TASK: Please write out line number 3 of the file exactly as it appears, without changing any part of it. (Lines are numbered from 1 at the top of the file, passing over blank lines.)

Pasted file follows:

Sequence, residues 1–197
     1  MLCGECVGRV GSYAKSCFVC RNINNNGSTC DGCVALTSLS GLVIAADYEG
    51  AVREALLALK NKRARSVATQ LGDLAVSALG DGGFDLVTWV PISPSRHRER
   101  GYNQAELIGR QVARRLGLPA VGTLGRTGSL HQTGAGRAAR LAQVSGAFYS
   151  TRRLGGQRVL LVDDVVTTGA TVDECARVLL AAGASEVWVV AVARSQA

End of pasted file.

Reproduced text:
    51  AVREALLALK NKRARSVATQ LGDLAVSALG DGGFDLVTWV PISPSRHRER